Wednesday, June 27, 2018
With Justice Kennedy now retiring and precedents being reversed, is it time for marijuana advocates to urge SCOTUS to reconsider Raich?
The Supreme Court generated a lot of news today, in part by reversing a significant precedent concerning labor unions and in part through Justice Antony Kennedy's retirement announcement. So what does this have to do with marijuana law, policy and reform you might ask? And I would answer with one case cite: Gonzales v. Raich, 545 U.S. 1 (2005) (opinion here, wikipedia entry here).
Raich is the case in which all the liberal members of the Supreme Court all rejected the claim by Angel Raich that the federal government should not have the constitutional power to criminalize her backyard cultivation and use of medical marijuana in compliance with California law. Of course, the liberal members of the Court were not the only ones who rejected Raich's claim that the Commerce Clause should not be read to allow the federal government to criminalize what she grows in her own backyard: joining the liberals voting in favor of broad federal power here were Justice Antonin Scalia (now deceased) and Justice Anthony Kennedy (now about to retire).
Based on a number of his opinions to date, there are lots of reasons to suspect that new Justice Neil Gorsuch, who replaced Justice Scalia, would be a vote for the Angel Raiches of the world against broad federal power. In addition, there are lots of reasons to suspect that whomever Prez Trump selects to replace Justice Kennedy will also be an advocate for limited federal legislative powers. (This accounting alone does not make obvious that Raich could be overturned, as Justice Samuel Alito might be more a fan of broad federal criminal powers than was the Justice he replaced, Justice Sandra Day O'Connor. It is also unclear where Chief Justice John Roberts would come out on these issues, too.)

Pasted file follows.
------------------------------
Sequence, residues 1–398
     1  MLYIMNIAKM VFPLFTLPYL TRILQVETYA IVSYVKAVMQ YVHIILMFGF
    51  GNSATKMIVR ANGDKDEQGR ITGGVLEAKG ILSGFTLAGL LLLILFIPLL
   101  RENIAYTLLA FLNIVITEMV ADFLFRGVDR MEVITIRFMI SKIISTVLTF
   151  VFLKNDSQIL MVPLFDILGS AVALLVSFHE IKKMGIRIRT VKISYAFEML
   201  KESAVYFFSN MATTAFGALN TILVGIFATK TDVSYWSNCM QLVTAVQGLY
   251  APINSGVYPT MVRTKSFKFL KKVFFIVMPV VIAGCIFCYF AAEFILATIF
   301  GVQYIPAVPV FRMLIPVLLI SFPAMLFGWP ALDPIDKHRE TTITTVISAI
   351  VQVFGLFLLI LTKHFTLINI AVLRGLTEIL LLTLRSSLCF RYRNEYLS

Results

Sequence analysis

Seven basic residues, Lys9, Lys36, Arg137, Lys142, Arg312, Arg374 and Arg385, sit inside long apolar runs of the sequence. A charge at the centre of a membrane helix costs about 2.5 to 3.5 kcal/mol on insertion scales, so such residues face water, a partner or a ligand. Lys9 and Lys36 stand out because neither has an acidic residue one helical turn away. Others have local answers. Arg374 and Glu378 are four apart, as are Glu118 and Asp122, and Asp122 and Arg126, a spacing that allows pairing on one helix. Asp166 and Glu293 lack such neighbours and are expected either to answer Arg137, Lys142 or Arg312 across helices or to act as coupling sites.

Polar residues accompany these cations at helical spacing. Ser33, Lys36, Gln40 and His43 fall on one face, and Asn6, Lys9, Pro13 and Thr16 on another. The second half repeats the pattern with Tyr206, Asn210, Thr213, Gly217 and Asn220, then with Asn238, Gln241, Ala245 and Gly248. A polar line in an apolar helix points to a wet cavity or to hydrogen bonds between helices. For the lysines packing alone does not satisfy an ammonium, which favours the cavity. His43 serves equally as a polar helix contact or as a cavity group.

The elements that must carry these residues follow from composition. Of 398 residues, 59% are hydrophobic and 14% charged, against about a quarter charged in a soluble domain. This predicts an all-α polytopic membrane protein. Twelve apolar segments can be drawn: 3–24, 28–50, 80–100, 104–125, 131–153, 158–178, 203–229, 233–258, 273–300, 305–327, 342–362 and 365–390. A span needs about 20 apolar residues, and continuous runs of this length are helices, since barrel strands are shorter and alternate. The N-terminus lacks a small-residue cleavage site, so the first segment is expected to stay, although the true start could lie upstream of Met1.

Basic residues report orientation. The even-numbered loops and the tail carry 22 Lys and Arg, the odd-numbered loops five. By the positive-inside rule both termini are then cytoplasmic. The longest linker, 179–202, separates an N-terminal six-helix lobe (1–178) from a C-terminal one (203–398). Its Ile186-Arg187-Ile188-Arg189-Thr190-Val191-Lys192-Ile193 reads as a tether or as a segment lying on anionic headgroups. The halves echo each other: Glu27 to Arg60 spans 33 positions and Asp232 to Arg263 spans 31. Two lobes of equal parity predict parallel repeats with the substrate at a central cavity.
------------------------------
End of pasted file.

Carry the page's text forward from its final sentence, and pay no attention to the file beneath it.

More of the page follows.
Personnel change is the main reason I am inclined to suggest a "new" Supreme Court might be inclined to reconsider Raich, but I am also eager to highlight how changing political, social and medical knowledge may also incline the Court to reconsider a past ruling. Changes circumstances are always a formal and informal influence on the strength of stare decisis, and gosh knows there have been a whole lot of changed circumstances in the marijuana space since Raich was decided in 2005.
So, put simply in the form of a call to Raich's lawyer, where is Randy Barnett when marijuana reformers need him?